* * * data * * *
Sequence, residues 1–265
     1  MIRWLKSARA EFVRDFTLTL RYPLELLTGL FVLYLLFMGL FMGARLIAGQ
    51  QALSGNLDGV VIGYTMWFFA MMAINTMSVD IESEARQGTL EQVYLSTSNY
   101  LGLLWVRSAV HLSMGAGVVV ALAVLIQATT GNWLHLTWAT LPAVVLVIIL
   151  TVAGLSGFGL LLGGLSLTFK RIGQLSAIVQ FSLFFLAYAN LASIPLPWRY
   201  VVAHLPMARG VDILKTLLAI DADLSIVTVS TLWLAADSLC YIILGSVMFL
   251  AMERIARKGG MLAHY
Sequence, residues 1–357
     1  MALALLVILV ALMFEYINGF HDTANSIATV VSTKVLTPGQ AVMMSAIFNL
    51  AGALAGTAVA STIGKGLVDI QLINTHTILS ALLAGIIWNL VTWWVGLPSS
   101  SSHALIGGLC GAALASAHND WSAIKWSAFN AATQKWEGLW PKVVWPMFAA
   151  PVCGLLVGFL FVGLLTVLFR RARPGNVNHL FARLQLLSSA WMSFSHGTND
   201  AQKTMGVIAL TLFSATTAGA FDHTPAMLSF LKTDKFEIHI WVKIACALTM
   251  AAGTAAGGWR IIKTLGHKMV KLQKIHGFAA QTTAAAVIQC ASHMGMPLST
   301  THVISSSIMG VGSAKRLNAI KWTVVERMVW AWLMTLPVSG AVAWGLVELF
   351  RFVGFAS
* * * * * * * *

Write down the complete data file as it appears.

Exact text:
Sequence, residues 1–265
     1  MIRWLKSARA EFVRDFTLTL RYPLELLTGL FVLYLLFMGL FMGARLIAGQ
    51  QALSGNLDGV VIGYTMWFFA MMAINTMSVD IESEARQGTL EQVYLSTSNY
   101  LGLLWVRSAV HLSMGAGVVV ALAVLIQATT GNWLHLTWAT LPAVVLVIIL
   151  TVAGLSGFGL LLGGLSLTFK RIGQLSAIVQ FSLFFLAYAN LASIPLPWRY
   201  VVAHLPMARG VDILKTLLAI DADLSIVTVS TLWLAADSLC YIILGSVMFL
   251  AMERIARKGG MLAHY
Sequence, residues 1–357
     1  MALALLVILV ALMFEYINGF HDTANSIATV VSTKVLTPGQ AVMMSAIFNL
    51  AGALAGTAVA STIGKGLVDI QLINTHTILS ALLAGIIWNL VTWWVGLPSS
   101  SSHALIGGLC GAALASAHND WSAIKWSAFN AATQKWEGLW PKVVWPMFAA
   151  PVCGLLVGFL FVGLLTVLFR RARPGNVNHL FARLQLLSSA WMSFSHGTND
   201  AQKTMGVIAL TLFSATTAGA FDHTPAMLSF LKTDKFEIHI WVKIACALTM
   251  AAGTAAGGWR IIKTLGHKMV KLQKIHGFAA QTTAAAVIQC ASHMGMPLST
   301  THVISSSIMG VGSAKRLNAI KWTVVERMVW AWLMTLPVSG AVAWGLVELF
   351  RFVGFAS